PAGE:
Ladder safety checklist and tips
While professional help for bigger jobs is recommended, you may find yourself doing the odd DIY project at home. Follow these rules to keep yourself as safe as possible when using a ladder.
Use the right ladder for the job
Having the right ladder for the job is paramount. Any ladder you use should be labelled with its Australian Standard AS/NZS 1892 approval. Check that the ladder is in good working order before you use it, with no broken, damaged or missing parts. Don't use a rusty ladder, and clean off any grease or other slippery materials from the steps.
"The ladder should have working safety locks and non-slip feet," Davies says. "It also needs to be the right height and weight rating for the job you are using it for. If you can only reach by standing on the top rung, then the ladder is too short for the job and you should stop. Remember that the weight rating includes any tools and supplies you're carrying."
Get someone to help you
"It is always safer to have someone else with you to hold and support the ladder," says Davies. Another set of eyes on the task can help spot potential hazards, help out if the position of the ladder needs to change, or provide immediate first aid in case of an accident.
Position your ladder correctly
Ladder positioning is also important. Always set up your ladder on a firm, level surface that isn't wet or slippery. "Ensure that you can set your ladder up somewhere that won’t be knocked by doors or windows, but that is also close enough to your work area that you won’t be reaching or leaning," Davies advises. "It can be really tempting to reach out to the side that extra bit with the paint brush rather than get down and move your ladder, but this can be extremely dangerous."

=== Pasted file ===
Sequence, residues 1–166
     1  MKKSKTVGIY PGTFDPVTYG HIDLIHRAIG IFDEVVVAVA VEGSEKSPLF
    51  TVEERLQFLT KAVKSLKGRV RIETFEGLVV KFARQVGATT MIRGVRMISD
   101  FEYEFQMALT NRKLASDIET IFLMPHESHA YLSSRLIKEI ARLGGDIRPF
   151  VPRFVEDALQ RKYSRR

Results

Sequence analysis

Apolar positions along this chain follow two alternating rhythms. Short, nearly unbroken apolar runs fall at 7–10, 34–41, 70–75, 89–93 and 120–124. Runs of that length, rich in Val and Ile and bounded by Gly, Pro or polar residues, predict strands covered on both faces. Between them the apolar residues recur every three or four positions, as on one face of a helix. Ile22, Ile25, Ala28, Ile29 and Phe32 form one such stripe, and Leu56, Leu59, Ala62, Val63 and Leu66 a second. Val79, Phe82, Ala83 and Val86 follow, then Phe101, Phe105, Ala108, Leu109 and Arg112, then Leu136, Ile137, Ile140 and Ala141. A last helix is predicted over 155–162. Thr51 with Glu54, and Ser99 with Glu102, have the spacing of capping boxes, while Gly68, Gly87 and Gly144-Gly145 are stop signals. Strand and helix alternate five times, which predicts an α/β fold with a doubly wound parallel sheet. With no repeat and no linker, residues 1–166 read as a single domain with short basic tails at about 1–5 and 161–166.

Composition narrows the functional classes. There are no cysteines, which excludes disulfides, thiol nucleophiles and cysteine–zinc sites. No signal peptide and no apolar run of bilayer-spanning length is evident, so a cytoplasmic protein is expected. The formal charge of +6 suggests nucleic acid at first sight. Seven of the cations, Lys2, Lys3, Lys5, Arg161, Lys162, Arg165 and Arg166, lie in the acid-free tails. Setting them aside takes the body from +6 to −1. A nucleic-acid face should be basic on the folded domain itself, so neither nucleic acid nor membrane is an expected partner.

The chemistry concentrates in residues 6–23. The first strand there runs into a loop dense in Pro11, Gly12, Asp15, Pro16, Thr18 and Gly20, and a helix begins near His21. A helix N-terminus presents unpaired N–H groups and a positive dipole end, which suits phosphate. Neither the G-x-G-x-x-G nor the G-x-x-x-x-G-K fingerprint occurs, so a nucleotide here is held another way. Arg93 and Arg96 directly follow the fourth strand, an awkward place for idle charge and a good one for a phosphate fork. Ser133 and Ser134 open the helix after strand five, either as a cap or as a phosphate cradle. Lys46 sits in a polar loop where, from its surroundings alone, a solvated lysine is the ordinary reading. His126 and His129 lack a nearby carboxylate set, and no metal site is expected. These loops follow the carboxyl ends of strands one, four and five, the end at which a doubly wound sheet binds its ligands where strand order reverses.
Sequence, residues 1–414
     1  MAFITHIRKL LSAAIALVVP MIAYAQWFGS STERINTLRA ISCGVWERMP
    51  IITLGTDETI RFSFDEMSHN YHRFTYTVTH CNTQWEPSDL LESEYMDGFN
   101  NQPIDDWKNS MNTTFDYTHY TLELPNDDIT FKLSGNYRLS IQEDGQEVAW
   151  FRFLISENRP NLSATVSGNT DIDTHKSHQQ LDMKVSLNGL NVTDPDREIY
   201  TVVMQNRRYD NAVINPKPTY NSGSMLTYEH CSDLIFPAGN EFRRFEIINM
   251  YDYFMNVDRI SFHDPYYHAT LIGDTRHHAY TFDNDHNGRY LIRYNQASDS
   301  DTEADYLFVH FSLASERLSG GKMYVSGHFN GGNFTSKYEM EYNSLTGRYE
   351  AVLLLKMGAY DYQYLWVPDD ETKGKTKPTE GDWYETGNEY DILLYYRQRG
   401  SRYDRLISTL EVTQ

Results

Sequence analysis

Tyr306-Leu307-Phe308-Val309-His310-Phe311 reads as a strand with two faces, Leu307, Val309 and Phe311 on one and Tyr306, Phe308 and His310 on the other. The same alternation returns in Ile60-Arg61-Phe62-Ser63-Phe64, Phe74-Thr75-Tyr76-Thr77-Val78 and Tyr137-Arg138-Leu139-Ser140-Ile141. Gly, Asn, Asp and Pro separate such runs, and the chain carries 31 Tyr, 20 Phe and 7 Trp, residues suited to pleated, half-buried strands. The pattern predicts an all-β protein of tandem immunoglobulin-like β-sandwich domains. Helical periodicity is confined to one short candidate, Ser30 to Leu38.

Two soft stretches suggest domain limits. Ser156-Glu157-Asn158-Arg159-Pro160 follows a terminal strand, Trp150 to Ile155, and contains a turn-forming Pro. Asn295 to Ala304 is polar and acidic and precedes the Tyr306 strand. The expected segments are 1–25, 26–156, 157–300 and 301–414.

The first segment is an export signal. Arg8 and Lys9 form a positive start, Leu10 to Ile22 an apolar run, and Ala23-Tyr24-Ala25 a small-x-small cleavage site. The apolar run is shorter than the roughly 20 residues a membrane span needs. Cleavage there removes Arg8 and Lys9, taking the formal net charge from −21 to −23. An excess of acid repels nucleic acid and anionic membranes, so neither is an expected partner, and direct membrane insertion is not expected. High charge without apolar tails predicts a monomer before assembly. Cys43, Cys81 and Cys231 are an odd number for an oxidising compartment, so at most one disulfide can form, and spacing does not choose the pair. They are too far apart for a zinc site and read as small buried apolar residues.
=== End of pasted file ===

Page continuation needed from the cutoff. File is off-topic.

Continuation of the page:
If you're using an extension ladder, ensure that it extends at least one metre over the top of the surface it rests against and make sure to secure it at the top. You should also follow the 1:4 rule: for every 4 metres of ladder height, the ladder base should be positioned 1 metre away from the structure.
Check the weather
The weather is also a major factor when it comes to ladder safety. "Take the time to assess your job and the environment when working at height outside," Davies says. "Don't work if it’s too hot, wet or windy, and make sure you are wearing appropriate non-slip footwear." Extremely hot temperatures could make you feel faint or dizzy, causing you to lose your balance at height. Wet or windy conditions could cause your ladder to slip or fall.
Climb the ladder appropriately
When climbing a ladder, wear enclosed and slip-resistant shoes. Do not wear thongs and sandals, because they do not provide the grip and support that you need. Make sure that your shoelaces are securely tied, and that your pant legs don't extend underneath your shoes.
When climbing, face the ladder and stay in the centre of the rails. Maintain three points of contact at all times by holding the ladder with both hands as you climb and carrying any tools in a toolbelt.
On a step ladder, only climb to the second rung from the top and never stand on the pail shelf, spreaders or back section.
On an extension ladder, only climb to the third rung from the top. Never climb above the point where the ladder touches the wall or vertical support.